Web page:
6. McMaster: YES – pioneer in Family Practice and medical education, lots of community programs with great responsibility and keen preceptors. Family in the Niagra region, but I don’t like the idea of living in Hamilton very much.

Conclusion? Oh crap, it’s gonna be hard. I’ve got a lot more thinking.

Tips? Tricks? Factors I haven’t considered? Help!

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4 Comments leave one →
  1. Jenn permalink
    February 15, 2009 8:20 pm

    Nanaimo isn’t that far from Vancouver – the transit system to and from the Ferry on both sides makes it rather doable. I’ve done the trek several times and am happy to fill you in on the details if you want?

    Here’s hoping you get something nice and close!

  2. Dawn permalink
    February 15, 2009 10:48 pm

    Oh man, Jessica, you have a lot to think about. It sounds like a really rough decision in terms of weighing up career pros with personal life cons but as you pointed out already, the work-life balance has got to be there or something will fall through the cracks. And we don’t want it to be you. I had this and continue to have this decision but on a much smaller scale, so small it’s barely to be noticed. But I think that eventually a combination of decision-making on your part about what you are willing to give up (because I think that many options will be open for you), hard work, luck, and fate will come together to phase the new plan into your life. I wish you much luck when you make your choice, I wish you much patience and strength while making your choice, and I wish that you would stay near to us (but don’t let that sway). Mind you, we couldn’t possibly see each other any less. 😛 Let me know if you want to bend my ear sometime on choices and stuff. I am off around 8pm Friday nights, days on Sat. and Sun.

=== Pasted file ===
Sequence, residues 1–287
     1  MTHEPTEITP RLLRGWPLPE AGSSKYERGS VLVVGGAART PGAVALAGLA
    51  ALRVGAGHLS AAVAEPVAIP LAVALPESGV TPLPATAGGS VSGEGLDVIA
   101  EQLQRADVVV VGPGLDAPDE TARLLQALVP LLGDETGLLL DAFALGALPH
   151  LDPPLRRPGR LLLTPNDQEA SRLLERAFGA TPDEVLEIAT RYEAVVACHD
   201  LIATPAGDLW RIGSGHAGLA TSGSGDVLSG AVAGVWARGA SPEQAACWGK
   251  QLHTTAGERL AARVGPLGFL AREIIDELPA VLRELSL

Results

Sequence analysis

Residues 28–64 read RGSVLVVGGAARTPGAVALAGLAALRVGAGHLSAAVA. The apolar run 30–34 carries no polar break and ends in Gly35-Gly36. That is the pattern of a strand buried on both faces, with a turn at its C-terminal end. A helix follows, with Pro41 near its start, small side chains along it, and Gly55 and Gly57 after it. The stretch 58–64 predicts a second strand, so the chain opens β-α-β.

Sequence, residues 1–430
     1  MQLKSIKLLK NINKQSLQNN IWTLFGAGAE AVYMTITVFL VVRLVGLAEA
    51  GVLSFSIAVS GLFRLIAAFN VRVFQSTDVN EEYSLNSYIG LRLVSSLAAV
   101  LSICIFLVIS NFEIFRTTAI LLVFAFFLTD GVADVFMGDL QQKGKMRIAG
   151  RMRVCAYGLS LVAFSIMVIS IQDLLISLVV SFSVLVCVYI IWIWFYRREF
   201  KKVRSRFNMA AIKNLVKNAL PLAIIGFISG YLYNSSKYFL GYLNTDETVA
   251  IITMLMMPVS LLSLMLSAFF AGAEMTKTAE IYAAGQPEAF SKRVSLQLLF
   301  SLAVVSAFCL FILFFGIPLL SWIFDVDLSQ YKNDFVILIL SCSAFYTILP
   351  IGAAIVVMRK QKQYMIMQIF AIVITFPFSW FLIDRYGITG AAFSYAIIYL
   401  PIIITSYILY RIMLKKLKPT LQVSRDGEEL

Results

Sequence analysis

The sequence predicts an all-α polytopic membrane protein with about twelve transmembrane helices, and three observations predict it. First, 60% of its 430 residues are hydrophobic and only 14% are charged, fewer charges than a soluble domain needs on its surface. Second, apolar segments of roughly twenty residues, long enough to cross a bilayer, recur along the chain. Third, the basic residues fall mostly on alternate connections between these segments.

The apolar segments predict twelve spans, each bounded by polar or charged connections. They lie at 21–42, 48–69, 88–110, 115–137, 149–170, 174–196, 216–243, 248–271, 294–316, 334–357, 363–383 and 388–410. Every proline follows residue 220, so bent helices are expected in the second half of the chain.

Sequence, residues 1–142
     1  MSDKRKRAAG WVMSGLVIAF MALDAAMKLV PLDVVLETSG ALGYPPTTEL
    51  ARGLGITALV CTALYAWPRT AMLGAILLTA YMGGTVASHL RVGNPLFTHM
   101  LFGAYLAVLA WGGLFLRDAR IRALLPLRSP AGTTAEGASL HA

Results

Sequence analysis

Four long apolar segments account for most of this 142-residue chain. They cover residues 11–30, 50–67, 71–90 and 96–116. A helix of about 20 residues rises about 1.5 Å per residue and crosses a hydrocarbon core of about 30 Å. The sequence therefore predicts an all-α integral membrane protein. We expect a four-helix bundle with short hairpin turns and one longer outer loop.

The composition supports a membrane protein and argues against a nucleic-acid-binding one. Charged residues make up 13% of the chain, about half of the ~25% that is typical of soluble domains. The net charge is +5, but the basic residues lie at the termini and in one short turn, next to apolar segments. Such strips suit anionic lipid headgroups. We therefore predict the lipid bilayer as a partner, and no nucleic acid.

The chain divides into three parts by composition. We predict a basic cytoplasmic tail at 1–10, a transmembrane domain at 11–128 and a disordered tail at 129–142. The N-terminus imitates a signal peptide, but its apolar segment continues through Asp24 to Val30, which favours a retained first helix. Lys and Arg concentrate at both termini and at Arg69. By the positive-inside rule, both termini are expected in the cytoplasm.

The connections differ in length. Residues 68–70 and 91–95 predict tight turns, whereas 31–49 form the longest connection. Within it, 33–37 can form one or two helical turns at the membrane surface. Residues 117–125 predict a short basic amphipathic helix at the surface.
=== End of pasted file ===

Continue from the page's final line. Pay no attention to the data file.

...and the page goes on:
3. February 15, 2009 11:06 pm

    i really enjoyed reading this and seeing what you’re expecting- it’s a bit luck of the draw and comparison shopping, isn’t it. I agree with Dawn- we really don’t see you enough. But you know my parents are in Ottawa and so if you end up there, you’ll get visits from me too. No matter what you do, you’ve got friends in Vancouver for life, so whatever happens, I hope its one of the places with the best medical experience for your time. Although, hopefully, with us. 🙂

  4. Jeremy permalink
    February 16, 2009 6:09 am

    Hey Jess,

    Congratulations on getting through the interviews. Personally, I hope you get in with St. Paul’s. You seemed really keen on it while you were there, and even if it might be busier than Chilliwack, you seemed to be quite passionate about it, which I hope would more than make up for it.

    Best of Luck!

    – Jeremy